My Big Brother


When you read the words “big brother,” especially if you have one, what comes to your mind? A protector who didn’t let the bullies pick on you? Someone you looked up to and tried to be like? Maybe even a brat, who teased you like crazy but was a great person to play football with on Sunday afternoons?

I have 3 big brothers, but the one that truly holds a special piece of my heart is my middle-eldest brother. He was 13 when I was born, but had the mental capacity of a 2- or 3-year-old. While I’ve grown and matured into my 50s, he is still a 2- to 3-year-old in a 63 year old man. My brother, Mark was born prematurely and during delivery, he was deprived of oxygen. Later, he developed German measles and battled an extremely high fever.

Growing up, we called him retarded. Don’t be shocked. That’s what all of “his kind” was called. They were considered lesser humans. Unfit for society by many and something to be ashamed of.

Shortly after I was born, a government worker looked at my mother and said “You’re a single mother of five kids, you really need to put this one in an institution. They’ll know how to take better care of his kind than you can possibly manage.” Despite her heartbreak, my mother listened and relinquished custody of her 2nd child and put him in an institution where society wouldn’t have to see him or interact with him or admit he was a real person, created by God like all of us.

We visited him every other weekend and mom would bring him home for an overnight. She would never let me enter the institution where he lived. I was instructed to sit in the car and wait like a good girl. I do recall going in with her one time because it was simply too cold to wait in the car. Standing in the waiting room, I was listening to screaming, crying, and wailing coming from their huge community bunk room. It’s a sound that still haunts me today.

Now, let’s skip to the present. Long ago, my mother broke my brother out of the institution, fought the courts for renewed custody, and gave him a new life, one where he was valued – in fact, treasured – for exactly who he was. The place he called home for his teen years was shut down and he even received an apology letter from the state for the abuse he suffered and the cruelty he endured.

Mark was able to find joy again and live a life that was not only blessed but blessed those around him. Society learned that “those people” are just that – people. They have every right that the rest of us do to pursue life, liberty, and happiness.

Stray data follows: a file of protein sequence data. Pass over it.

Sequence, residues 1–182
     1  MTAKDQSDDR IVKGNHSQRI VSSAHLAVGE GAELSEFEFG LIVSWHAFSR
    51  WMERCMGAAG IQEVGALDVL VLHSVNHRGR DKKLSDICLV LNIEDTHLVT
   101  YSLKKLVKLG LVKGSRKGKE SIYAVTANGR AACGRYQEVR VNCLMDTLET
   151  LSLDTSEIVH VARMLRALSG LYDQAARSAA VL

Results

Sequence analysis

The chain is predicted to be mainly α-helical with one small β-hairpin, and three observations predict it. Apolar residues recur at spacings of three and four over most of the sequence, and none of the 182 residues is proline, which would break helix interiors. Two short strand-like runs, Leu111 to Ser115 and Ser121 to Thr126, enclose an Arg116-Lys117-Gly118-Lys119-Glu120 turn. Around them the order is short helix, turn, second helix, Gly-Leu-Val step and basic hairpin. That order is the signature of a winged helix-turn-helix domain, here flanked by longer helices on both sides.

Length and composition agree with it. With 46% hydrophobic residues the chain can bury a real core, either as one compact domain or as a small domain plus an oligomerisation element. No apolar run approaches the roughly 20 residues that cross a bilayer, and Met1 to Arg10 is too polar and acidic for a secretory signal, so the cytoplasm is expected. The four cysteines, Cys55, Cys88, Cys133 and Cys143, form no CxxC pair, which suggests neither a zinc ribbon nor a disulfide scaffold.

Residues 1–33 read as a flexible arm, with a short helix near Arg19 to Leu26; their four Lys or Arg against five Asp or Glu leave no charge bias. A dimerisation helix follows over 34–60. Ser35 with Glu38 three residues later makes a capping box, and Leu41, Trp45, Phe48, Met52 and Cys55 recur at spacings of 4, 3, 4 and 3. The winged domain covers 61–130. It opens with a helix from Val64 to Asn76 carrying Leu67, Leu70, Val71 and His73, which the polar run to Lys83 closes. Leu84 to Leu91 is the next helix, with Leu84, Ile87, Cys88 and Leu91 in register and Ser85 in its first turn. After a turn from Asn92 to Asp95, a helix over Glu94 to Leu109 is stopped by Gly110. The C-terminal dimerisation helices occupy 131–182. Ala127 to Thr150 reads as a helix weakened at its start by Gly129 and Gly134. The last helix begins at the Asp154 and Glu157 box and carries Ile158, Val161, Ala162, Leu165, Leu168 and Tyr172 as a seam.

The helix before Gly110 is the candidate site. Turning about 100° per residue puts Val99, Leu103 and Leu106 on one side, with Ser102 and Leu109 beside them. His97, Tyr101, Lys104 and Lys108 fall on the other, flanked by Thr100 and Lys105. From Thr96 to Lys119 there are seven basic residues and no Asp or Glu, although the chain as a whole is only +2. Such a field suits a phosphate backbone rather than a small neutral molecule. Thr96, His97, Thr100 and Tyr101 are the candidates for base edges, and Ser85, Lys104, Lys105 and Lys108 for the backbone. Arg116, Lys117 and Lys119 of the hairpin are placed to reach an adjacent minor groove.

When I was a child and went on an outing with my brother, strangers laughed at him or stared cruelly at him. They’d move far away from us as we walked through the store or down the street. But now, people smile at him. They greet him and value who he is. My heart bursts for the change in our country toward people “like him.”

What breaks my heart is that we still see certain people in the same way we once saw those who had a mental disability. We question the value of a homeless person to our community. We fear those who don’t speak our language and believe they can’t contribute to a vibrant and healthy neighborhood. We view an immigrant worker as someone who should just do the jobs we don’t want to do and not really bother us with anything else. We think it’s OK to stare at or shout cruelties to these people we think of as less than ourselves. Somehow, we don’t quite see them as human, having emotions, feelings, dreams and hopes like the rest of us.

My dream is that we’ll look at our history, look at those people we once marginalized and now recognize as valued members of society, and apply that wisdom to those who are perhaps having a hard time finding their place among us non-marginalized people. To paraphrase an old children’s song, “We are ALL precious in His sight.”

Fun Facts about my brother:

  • He can sing along to any song that comes on the radio, from today’s pop hits to 80s hair bands, to classic crooner’s songs – he knows them all!
  • He has officially started part-time retirement this year and spends his days off dancing at the YMCA.
  • His favorite thing to do is visit the many Minnesota landmarks.
  • He loves having his photo taken, especially selfies.
  • He can beat me in bowling any day (ok, that’s not saying much, but he’s in a league and pulls his own weight).
  • He loves his family dearly, as we love him.